|Join Our Mailing List|
Sadiiq Ali returned to Somalia in 2006 from west London, where he served as a community worker, organizing conferences for the Somali community in London. “I am comfortable in Mogadishu. Firstly one thinks about the immediate future, and then what you can do for your country. I have been working in London for 5 years, two of my children born in London, but I decided to resettle them here. I believe that life in London is not better for them then in Mogadishu. I have plans to establish a restaurant here in Mogadishu soon next year,” said Sadiiq.
Many of the Somalis returning from abroad to Mogadishu or elsewhere in the country relate in particular their concern over traditional insights they fear they would lose by living in the western nations.
Jabriil Ahmed is a 32 year old Somali taxi driver in Minnesota, who returned to Mogadishu 6 months ago. Jabriil talked Somalia Report about his perspective on life in Mogadishu: “I was concerned about returning, about trusting people in town because I was told that Mogadishu is too dangerous. Everyone talked about killing, how insecurity is widespread, how you have to be vigilant and don’t talk to people you don’t know. That is what my friends warned me, but what I’ve seen is quite different. I know that many Somali families in Minnesota are anxious to return home, to teach their children their mother language and culture. I’m really proud of my country. I want to encourage some of the Minnesota Somalis back home to repatriate, because Somalia needs its people -- that is what I keep in my mind when I go back to Minnesota,” said Jabriil.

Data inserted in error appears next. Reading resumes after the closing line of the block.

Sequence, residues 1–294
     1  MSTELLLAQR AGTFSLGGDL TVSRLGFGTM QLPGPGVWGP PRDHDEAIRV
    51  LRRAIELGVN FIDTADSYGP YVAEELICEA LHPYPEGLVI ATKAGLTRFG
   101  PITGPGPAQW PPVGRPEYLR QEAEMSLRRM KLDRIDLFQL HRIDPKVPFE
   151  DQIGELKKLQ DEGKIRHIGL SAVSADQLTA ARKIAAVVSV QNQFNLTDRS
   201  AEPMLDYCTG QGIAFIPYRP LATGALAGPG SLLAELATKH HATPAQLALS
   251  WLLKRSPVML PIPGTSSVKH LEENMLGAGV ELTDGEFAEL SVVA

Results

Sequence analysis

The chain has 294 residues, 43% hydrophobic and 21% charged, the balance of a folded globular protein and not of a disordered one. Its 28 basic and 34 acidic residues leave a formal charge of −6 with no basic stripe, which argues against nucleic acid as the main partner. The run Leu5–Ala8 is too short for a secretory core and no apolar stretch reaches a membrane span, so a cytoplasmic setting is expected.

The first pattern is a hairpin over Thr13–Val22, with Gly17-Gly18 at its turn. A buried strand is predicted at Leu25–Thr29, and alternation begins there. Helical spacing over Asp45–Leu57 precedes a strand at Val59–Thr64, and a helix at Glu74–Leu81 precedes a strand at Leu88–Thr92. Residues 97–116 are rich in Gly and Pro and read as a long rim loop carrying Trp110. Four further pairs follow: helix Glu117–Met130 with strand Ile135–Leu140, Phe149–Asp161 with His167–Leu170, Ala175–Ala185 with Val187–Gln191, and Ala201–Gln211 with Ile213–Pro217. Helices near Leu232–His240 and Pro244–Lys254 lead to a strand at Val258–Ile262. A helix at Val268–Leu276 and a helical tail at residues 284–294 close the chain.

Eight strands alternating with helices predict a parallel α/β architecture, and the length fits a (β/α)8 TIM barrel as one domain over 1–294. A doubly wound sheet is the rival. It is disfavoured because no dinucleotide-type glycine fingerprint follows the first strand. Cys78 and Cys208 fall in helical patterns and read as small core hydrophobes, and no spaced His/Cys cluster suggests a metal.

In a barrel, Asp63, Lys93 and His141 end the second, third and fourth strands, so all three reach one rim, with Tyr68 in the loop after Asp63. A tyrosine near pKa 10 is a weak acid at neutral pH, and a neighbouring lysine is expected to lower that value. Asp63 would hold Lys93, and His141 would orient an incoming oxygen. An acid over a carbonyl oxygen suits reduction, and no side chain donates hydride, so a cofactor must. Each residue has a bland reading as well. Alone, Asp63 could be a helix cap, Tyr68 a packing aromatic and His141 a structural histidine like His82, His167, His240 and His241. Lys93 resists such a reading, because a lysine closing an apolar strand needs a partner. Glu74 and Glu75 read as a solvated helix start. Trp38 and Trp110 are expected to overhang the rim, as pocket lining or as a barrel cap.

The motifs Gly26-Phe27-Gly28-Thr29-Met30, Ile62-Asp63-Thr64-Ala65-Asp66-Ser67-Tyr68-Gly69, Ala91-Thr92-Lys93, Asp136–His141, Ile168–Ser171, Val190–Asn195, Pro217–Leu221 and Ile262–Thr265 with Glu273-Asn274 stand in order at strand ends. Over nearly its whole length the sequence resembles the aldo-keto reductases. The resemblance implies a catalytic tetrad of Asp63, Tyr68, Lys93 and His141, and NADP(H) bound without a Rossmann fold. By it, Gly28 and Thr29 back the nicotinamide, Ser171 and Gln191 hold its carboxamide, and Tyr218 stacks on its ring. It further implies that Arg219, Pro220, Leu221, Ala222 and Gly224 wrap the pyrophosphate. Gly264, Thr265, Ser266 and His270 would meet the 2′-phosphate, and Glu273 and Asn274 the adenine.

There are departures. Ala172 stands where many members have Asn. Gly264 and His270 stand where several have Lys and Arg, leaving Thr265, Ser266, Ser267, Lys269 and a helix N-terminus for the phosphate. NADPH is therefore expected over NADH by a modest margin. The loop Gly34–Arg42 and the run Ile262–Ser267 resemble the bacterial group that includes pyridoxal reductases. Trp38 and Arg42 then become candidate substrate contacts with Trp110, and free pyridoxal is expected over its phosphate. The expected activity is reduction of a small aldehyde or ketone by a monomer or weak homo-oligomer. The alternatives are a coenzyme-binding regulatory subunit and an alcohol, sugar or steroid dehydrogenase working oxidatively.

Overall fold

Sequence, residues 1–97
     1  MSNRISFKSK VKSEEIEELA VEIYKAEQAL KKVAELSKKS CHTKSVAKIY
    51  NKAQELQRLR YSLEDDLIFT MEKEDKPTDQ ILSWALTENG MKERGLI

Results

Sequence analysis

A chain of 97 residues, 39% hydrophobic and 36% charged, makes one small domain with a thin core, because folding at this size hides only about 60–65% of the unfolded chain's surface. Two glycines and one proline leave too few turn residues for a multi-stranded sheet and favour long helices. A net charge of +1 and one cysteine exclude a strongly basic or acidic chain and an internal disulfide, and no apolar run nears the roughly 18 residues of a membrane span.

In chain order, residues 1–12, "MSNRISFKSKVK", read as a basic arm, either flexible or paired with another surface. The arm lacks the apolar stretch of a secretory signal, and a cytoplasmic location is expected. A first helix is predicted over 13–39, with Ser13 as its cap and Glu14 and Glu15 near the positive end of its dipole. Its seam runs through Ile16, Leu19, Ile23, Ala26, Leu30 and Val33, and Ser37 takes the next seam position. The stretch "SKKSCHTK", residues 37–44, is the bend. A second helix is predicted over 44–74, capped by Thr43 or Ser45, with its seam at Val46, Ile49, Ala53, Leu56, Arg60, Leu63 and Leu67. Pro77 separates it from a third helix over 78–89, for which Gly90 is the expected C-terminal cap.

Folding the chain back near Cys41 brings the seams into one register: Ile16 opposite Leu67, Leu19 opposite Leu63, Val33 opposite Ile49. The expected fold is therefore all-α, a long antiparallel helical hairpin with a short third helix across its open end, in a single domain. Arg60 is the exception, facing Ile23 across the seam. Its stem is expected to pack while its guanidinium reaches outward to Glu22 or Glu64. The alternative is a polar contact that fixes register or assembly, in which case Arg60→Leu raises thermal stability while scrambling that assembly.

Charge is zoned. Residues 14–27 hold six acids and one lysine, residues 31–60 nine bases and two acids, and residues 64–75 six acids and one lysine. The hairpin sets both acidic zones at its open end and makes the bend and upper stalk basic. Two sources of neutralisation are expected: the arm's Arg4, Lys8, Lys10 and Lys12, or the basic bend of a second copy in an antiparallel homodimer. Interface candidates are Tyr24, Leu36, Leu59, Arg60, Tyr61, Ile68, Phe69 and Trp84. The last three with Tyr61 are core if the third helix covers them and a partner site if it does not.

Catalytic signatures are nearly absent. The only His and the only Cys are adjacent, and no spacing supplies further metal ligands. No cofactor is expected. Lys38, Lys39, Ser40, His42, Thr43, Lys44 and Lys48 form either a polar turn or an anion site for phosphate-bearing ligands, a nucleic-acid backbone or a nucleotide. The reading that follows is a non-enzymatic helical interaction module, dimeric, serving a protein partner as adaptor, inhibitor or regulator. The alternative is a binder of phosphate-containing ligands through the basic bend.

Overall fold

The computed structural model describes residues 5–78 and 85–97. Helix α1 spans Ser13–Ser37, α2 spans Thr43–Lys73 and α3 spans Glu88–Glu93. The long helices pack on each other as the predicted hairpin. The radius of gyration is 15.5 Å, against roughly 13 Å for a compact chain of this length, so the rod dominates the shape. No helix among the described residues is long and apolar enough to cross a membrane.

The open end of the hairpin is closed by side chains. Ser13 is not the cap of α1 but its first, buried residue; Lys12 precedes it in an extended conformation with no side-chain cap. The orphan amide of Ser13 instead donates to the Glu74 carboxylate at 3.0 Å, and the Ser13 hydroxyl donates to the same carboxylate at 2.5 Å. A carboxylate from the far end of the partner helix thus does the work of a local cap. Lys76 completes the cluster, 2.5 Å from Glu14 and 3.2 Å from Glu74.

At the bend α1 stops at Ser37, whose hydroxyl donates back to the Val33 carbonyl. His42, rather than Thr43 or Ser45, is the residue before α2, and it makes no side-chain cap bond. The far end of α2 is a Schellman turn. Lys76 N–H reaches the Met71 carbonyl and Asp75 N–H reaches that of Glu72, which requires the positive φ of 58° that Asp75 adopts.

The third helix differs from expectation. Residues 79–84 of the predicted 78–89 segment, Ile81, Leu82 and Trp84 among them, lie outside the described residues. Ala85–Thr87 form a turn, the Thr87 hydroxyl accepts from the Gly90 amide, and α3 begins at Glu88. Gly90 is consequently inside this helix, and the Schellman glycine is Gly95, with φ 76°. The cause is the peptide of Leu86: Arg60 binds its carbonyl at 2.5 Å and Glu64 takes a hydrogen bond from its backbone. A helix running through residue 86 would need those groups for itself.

The US government has accused some Somalis of returning to Somalia to fight alongside al-Shabaab, holding some on trial while accusing others of terrorism. The US courts have also charged Somalis in America with sending money back to the terror groups in the country, or join them to fight against the weak interim Transitional Federal Government (TFG) and its African Union allies. Some Somalis have tired of living under suspicion of terrorism.
There are also a considerable number of young Somalis who are studying in foreign universities, since Somalia remains mired in a conflict which makes pursuing higher education difficult. University students have come under attack in Mogadishu several times, most recently when al-Shabaab struck against students waiting their exam results outside of the education ministry on October 4.
The country’s future is still unclear to many Somalis. Somalia has suffered civil war since the fall of military rule by Mohammed Siyad Barre in 1991.